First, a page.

All eligible participants were randomized to one of three groups: (i) a control group, (ii) a once per week modified carbohydrate nutrition education program, and (iii) same nutrition education program with twice per week strength training. Within each ethnicity, randomization was blocked by sex to achieve balance in randomization between sexes. A detailed description of the interventions employed in the present study have been previously reported (4,5).
During the outpatient visit both before and after the intervention, participants were given 3-day dietary records to complete at home. During the in-patient visit, participants were instructed to bring their completed dietary records to be reviewed and clarified by research staff, who were trained and supervised by a registered dietitian. Nutrition data were analyzed using the Nutrition Data System for Research (NDS-R ver 5.0_35).
Using established procedures (9), upper- and lower-body strength assessments were completed before and after the intervention by one-repetition maximum in the bench press and leg press, respectively.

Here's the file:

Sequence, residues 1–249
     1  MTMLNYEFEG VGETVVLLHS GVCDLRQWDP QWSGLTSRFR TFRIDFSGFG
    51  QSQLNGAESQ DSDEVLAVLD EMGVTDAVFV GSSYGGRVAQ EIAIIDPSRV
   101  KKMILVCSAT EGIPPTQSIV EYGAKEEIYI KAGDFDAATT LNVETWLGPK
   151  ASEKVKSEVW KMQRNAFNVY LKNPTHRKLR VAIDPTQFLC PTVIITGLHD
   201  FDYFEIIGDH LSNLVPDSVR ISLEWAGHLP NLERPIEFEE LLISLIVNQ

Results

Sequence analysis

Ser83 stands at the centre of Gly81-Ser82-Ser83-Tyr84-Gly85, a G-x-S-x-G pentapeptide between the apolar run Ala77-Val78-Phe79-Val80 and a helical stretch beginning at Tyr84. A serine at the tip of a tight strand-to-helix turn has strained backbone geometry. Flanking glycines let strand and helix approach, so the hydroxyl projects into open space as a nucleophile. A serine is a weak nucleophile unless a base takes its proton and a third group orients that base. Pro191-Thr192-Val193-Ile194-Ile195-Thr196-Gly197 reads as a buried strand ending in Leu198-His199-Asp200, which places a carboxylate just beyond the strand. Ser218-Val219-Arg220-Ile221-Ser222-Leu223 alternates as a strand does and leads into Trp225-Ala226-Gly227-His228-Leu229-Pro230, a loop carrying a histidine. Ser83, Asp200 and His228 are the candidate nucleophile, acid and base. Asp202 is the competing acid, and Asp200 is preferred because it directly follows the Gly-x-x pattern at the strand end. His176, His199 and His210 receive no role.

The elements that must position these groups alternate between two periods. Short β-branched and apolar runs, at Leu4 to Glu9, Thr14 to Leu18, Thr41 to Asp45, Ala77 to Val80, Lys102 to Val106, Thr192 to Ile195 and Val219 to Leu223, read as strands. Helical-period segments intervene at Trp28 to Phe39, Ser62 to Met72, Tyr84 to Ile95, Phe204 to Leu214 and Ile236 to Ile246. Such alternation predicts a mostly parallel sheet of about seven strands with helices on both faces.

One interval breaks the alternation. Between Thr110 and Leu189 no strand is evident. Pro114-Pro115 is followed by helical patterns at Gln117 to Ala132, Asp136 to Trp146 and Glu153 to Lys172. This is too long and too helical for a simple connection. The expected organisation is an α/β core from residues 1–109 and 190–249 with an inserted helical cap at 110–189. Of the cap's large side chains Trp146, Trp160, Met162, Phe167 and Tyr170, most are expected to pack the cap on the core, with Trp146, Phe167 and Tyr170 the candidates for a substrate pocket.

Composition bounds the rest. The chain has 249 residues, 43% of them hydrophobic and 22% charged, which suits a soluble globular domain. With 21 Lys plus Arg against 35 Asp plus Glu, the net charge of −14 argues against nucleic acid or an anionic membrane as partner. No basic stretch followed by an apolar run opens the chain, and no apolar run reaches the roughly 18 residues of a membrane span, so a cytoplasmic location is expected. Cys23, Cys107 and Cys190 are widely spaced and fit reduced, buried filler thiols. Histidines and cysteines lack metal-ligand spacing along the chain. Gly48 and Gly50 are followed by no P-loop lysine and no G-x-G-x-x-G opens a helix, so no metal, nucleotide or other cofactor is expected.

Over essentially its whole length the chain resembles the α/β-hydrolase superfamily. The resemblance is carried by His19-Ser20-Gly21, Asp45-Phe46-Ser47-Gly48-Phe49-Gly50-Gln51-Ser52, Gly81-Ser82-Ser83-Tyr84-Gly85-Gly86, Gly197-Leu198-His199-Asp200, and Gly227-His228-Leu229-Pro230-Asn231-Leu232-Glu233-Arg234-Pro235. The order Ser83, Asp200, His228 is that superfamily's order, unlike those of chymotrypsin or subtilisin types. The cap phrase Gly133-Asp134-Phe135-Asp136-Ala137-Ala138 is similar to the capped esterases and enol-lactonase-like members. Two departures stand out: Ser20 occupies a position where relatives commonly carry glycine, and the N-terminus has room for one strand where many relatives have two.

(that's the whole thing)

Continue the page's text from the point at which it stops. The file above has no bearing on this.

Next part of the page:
At the conclusion of the 16-week control/intervention period, participants returned to the GCRC for follow-up testing. The procedures were identical to those conducted at the pretest visits.
Assays for glucose and insulin blood samples have been previously reported (4,5). Inflammatory markers measured during the IVGTT including: interleukin-8, leptin, tumor necrosis factor-α, monocyte chemotactic protein-1, hepatocyte growth factor, nerve growth factor, adiponectin, plasminogen activator inhibitor (PAI)-1, and resistin were assayed in duplicate using a specific human insulin enzyme-linked immunosorbent assay kit from Linco (St Charles, MO).